08 June 2015

[Extended] Wedding Week 2015: DIY cake stand

It’s June, dear readers, and as I alerted you last week, it’s time for WEDDING WEEK: Extended Edition!

If you want to get caught up on past years, here’s the first wedding week from 2011, the second in 2013, and the third last year (in 2012 I talked about our honeymoon instead). Even after all that, though, there’s still projects to talk about!

And as with so many of our wedding projects, the one I’m talking about today was actually accomplished by my parents. You guys, I get (or at least take) a lot of credit for our DIY wedding, but it was really my folks who did the heavy lifting. Literally – whereas I spent my time with paper products, they were building things. Like this.

No, not the cake. (Though you can see the “P” candies that my mom made – which I recreated for Baby P’s baptism party favors!) No, I’m talking about the cake stand.

Fancy, right? And they made it. I dare say theirs is a better job than Martha Stewart’s DIY cake stand.

I mentioned during the first wedding week that my parents built that, and also that we don’t have it anymore (more on that in a sec). But that means that, as with so many of our wedding projects, I don’t have process photos. I’m sorry! But I think I can describe enough in words to explain what to do.

First of all, drawing up the structural plan, which is ultimately a plywood box. This is where it’s essential to chat with your baker about dimensions. You need to know length and width (if not a square), and this will of course vary from baker to baker and cake to cake. I knew our bottom tier was 10” per side, with 8” and 6” square tiers on top. I figured there should be at least 2 inches of clearance around the cake, so that meant a 14” base.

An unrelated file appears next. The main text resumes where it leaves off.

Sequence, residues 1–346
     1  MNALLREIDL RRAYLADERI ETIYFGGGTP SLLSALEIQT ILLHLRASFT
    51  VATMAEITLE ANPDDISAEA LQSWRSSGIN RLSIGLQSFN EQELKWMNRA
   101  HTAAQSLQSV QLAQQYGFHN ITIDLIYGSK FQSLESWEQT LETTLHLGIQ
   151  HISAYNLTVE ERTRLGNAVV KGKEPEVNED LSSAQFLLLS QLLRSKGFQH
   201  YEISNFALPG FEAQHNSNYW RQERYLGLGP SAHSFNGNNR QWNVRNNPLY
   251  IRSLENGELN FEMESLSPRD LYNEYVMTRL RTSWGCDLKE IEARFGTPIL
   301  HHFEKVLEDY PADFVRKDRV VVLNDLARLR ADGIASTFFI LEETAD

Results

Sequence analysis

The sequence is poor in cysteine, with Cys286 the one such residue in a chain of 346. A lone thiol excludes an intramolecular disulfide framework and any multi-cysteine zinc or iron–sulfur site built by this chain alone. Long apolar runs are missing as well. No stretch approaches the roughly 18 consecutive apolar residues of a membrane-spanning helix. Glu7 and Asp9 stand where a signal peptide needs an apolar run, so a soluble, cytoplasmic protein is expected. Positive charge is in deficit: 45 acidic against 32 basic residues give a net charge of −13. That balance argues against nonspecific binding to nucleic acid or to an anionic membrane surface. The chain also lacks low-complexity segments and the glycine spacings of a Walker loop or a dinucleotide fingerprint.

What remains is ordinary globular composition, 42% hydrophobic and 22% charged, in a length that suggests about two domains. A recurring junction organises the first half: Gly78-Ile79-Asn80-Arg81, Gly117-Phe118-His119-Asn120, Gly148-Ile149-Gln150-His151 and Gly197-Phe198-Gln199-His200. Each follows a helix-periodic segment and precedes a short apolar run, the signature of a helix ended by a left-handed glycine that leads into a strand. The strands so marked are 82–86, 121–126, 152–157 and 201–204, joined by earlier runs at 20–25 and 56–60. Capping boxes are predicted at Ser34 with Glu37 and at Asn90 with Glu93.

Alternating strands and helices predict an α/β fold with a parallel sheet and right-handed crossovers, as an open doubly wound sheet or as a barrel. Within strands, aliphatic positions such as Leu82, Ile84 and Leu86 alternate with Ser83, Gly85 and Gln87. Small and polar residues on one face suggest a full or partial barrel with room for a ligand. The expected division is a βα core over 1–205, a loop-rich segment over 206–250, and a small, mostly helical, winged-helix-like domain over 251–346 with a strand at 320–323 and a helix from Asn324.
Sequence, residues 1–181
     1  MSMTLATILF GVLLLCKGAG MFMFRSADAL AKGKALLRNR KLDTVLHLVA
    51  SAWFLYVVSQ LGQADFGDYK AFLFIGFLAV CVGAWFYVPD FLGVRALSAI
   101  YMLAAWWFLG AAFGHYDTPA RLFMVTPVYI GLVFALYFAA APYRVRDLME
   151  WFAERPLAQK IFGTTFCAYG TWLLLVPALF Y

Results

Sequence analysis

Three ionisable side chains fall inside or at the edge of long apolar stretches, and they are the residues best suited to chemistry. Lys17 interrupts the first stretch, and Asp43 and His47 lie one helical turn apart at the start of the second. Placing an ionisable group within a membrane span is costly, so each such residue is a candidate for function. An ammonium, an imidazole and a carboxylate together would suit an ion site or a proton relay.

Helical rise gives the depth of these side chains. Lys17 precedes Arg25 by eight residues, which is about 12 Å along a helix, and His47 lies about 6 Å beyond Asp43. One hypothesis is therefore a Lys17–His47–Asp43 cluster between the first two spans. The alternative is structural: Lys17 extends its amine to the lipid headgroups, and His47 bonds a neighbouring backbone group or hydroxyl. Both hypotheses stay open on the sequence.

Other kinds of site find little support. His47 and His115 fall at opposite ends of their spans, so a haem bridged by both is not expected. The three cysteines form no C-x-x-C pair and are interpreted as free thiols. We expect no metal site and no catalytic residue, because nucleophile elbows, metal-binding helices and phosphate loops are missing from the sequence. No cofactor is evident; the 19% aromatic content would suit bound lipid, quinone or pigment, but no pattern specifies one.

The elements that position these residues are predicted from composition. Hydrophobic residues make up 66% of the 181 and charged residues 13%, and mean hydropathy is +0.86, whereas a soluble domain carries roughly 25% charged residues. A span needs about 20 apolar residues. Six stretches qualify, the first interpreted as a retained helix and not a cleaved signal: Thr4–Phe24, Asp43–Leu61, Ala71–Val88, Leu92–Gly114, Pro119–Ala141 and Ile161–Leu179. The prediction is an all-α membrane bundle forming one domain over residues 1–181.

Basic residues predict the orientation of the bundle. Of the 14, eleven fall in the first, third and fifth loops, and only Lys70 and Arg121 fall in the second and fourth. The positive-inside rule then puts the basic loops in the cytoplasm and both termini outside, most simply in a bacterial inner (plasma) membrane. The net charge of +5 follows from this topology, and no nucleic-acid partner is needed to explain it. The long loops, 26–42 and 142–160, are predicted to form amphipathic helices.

no, I don't know where the top of my 6" tier went.
I am not a graphic artist. I am, however, too lazy to fix it.

I was tempted at first to go with a 12” base, because then it would just look like another tier. But I’m super glad we didn’t for two reasons – first, our cake could have looked rather dinky on a big circular table without a big stand to beef it up. And practically – and far more importantly – the baker has to leave the cake on a foil-wrapped board, which I marked in blue in the schematic above. See what I mean?

I honestly hadn’t factored in the cake base, so I just got lucky that our stand accommodated it! It’d be super sad if the board was bigger than the stand and the stand couldn’t be used, so adjust accordingly!

Another super important consideration, and one I hadn’t fully appreciated when we started this project, is weight. I mean, I guess if you have ever baked a wedding cake, or watched one of those reality cake shows (those are a thing, right?) you’d know they’re heavy. So I asked our baker, and she guessed our cake weighed at least fifty pounds. That means our box actually had supports built in. If you flipped it over, there was an X-shaped support underneath. I can’t show it to you now (pre-blog days, so no photos), but it was like this:

True, it makes the stand itself a lot heavier – but it’d be devastating if your entire cake stand COLLAPSED under the weight of the cake! So be sure to add that support. My stepdad actually stood on ours and it was still good to go.

Now for the final dimension – height. If the length, width, and weight were dependent on the cake, the height dimension is instead dependent on what you can find in the crown molding aisle.

For real. That pretty finish on our cake stand is all crown molding, with a bit of trim molding around the bottom.

It’s important to calculate how much you need for the perimeter – i.e., the length and width calculations described above – so you know how much crown you need. For our cake, an 8-foot piece was plenty (14” x 4 sides, plus a little extra for mitering the corners).